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What Boris Johnson's premiership means for Brexit and the UK

TIME
26 July 2019
UK Prime Minister Boris Johnson outside 10 Downing Street. REUTERS. UK Prime Minister Boris Johnson outside 10 Downing Street. REUTERS.
Boris Johnson became the United Kingdom's prime minister this week. The former London mayor and foreign secretary assumed the UK's premiership with a mandate to lead the UK out of the EU. He has promised to secure a better Brexit deal with Brussels than his predecessor, Theresa May He has also promised to pull the UK out of the EU by the 31 October deadline, deal or no.

Why it matters:

Because the UK is heading into the biggest peacetime political crisis in generations, and the person leading his country into the great unknown must corral a British public and political class that has never fundamentally agreed on what form Brexit should take—Hard Brexit, Soft Brexit, No-Deal Brexit, or anything in between.

In Boris Johnson, that task has now fallen to someone who can charitably be described as Britain's most divisive politician. Johnson himself has taken a hardline stance on Brexit, which he needed to do in order to win over the Conservative Party membership and become prime minister. It was a strategy that worked, as 66% of Tory members selected him over his more-centrist rival. There are those who still harbor hope that Boris's hardline approach to Brexit and Brussels is more bluster than anything else; Boris has a well-deserved reputation for political opportunism. But even if that's the case, renegotiating a deal with EU leaders is an uphill battle—the EU is adamant that it is done negotiating, and the deadline is less than three months away. Complicating matters even further, Johnson has spent decades taking swipes at EU leaders and Brussels … the same kind of EU leaders who he now needs to play ball with.

What happens next:

Within 48 hours of assuming the premiership, Johnson had dismissed a significant portion of Theresa May's cabinet, replacing most of them with hardline Brexiteers. But while his cabinet might be filled with folks pushing for a no-deal Brexit should it come to that, the same cannot be said for the whole of his party—there are a number of members of the Conservative party who find the very idea of a no-deal Brexit (and the chaos that will inevitably follow) abhorrent, and multiple Tory members of parliament have indicated they will do what it takes to stop that from happening, even while Johnson tries to use the threat of no-deal Brexit as leverage in negotiations. Brussels, for its part, has refused to renegotiate the substance of the Brexit deal that it struck with Theresa May—because of the logistical difficulties involved and because the political optics of backing down to the UK (and one led by Boris Johnson no less) make that extremely unappealing. Which means the likeliest scenario we're looking at is UK general elections in the fall, potentially triggered by Tory party members who would rather see their own Conservative government fall than see a no-deal Brexit come to pass.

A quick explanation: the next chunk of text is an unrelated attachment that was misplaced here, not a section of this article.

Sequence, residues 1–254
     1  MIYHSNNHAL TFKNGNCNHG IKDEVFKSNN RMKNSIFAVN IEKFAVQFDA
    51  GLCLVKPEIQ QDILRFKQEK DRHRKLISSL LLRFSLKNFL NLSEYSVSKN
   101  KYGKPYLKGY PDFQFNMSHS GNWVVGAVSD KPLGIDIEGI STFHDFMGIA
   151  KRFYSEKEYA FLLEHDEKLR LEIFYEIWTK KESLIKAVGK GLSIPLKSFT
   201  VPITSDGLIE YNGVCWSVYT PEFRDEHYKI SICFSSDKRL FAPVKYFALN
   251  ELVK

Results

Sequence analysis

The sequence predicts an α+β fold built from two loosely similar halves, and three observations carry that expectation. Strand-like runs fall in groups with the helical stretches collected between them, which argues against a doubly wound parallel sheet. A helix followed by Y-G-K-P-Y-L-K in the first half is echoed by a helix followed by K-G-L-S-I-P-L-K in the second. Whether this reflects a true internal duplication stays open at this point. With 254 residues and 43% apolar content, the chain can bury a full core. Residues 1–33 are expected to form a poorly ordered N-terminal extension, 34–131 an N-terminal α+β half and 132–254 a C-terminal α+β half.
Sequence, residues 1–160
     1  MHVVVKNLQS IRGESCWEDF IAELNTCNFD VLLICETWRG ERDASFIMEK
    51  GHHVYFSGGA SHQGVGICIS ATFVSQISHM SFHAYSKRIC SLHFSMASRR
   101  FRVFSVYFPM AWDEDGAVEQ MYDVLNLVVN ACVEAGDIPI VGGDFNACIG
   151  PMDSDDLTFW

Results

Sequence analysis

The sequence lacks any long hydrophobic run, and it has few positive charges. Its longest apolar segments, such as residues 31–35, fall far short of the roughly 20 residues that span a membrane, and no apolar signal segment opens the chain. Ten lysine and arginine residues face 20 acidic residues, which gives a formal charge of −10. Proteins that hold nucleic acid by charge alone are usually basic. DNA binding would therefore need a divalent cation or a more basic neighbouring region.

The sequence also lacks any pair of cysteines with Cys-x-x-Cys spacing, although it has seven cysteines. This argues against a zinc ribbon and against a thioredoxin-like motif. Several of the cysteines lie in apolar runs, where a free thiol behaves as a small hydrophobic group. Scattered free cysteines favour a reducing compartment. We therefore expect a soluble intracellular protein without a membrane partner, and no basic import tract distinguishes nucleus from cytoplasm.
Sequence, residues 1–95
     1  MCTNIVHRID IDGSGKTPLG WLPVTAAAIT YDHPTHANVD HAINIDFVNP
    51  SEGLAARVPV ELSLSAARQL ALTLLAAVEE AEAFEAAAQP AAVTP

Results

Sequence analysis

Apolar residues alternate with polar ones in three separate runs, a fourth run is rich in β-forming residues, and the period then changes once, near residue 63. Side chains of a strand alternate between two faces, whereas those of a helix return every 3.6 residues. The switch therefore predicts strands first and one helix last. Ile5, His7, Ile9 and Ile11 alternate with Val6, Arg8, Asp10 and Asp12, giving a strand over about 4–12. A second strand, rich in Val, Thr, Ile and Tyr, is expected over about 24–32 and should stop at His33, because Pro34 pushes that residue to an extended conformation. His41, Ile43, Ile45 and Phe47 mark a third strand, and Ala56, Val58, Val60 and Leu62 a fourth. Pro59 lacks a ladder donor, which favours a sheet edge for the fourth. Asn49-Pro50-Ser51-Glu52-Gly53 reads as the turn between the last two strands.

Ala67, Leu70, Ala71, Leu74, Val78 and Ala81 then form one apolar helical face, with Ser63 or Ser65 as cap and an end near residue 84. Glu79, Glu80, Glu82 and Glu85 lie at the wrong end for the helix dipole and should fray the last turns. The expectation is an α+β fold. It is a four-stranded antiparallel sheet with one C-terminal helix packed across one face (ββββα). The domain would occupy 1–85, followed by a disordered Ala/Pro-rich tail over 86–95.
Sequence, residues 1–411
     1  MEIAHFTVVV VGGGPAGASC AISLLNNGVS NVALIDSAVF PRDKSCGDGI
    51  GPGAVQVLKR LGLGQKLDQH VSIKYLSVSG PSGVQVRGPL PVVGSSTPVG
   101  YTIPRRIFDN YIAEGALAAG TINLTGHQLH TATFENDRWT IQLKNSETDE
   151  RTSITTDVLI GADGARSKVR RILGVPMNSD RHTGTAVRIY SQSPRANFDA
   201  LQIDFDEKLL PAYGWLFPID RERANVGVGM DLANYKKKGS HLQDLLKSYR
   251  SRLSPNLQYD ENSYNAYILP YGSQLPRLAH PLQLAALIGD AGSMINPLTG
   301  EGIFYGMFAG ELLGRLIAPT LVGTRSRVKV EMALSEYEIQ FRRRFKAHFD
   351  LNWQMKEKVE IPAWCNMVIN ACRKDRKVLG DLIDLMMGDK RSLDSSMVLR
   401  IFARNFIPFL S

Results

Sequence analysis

The key statistic that explains it:

According to a YouGov survey done back in April, just 25% of people in the UK would consider a no-deal Brexit a “good outcome”; another 13% would find it “an acceptable outcome.” 50% were flat out against it, and another 12% weren't sure. In other words, a winning strategy for the Tory party leadership race is quite different from winning a general election race. Boris won the battle, but the war still lays ahead.

The key quote that sums it all up:

“I've got more in common with a three-toed sloth than I have with Winston Churchill.” -Boris Johnson, who has actually authored a biography of Winston Churchill. And not, yet at least, any sloths.

The one thing to read about it:

You don't become one of the most colorful politicians on the world stage without having a fascinating backstory—this is Boris Johnson's.

The one thing to watch about it:

The Brexit saga has dragged on so long it's sometimes hard to remember how the UK got here; I've got you covered.

The one thing to say about it at a dinner party:

Roughly three years after both the Brexit referendum and the election of Donald Trump, UK politics continue to be more dysfunctional than US politics. That's remarkable. Also, if you're British, quite sad.

The one thing to avoid saying about it:

Boris Johnson isn't the PM a divided UK needs … but it's the one it deserves.

This article originally appeared on Time.com.
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Eurasia Group President Ian Bremmer.
Ian Bremmer is the president and founder of Eurasia Group, the leading global political risk research and consulting firm. He is also the president and founder of GZERO Media, a Eurasia Group company dedicated to helping a broad, global audience make sense of today's leaderless world.
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